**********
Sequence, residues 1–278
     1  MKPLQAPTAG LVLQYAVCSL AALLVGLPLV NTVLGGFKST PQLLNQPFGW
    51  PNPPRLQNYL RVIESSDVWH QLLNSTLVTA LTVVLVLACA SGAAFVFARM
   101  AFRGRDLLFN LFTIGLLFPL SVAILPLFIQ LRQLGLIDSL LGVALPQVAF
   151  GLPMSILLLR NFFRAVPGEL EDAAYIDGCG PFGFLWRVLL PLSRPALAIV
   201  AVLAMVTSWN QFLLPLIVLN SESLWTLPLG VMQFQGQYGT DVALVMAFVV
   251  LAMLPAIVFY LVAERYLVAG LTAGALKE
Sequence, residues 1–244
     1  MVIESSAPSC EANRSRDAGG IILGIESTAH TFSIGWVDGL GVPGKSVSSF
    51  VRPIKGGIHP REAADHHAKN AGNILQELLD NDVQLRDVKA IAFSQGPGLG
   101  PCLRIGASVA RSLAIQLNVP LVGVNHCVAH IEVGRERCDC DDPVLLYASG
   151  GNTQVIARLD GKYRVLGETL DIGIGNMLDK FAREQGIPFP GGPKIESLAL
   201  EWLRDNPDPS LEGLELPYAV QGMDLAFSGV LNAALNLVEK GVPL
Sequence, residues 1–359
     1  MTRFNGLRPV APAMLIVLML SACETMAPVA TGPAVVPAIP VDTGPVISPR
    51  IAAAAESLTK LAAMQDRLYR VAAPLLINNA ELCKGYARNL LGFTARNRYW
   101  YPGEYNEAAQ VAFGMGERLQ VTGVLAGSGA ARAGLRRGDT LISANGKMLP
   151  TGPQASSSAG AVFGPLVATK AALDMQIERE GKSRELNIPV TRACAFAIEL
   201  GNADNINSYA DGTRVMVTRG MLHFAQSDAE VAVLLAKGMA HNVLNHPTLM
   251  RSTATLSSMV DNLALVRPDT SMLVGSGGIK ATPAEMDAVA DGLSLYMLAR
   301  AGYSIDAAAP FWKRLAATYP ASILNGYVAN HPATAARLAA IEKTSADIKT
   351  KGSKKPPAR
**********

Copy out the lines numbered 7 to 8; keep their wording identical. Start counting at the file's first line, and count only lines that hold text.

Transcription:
   251  LAMLPAIVFY LVAERYLVAG LTAGALKE
Sequence, residues 1–244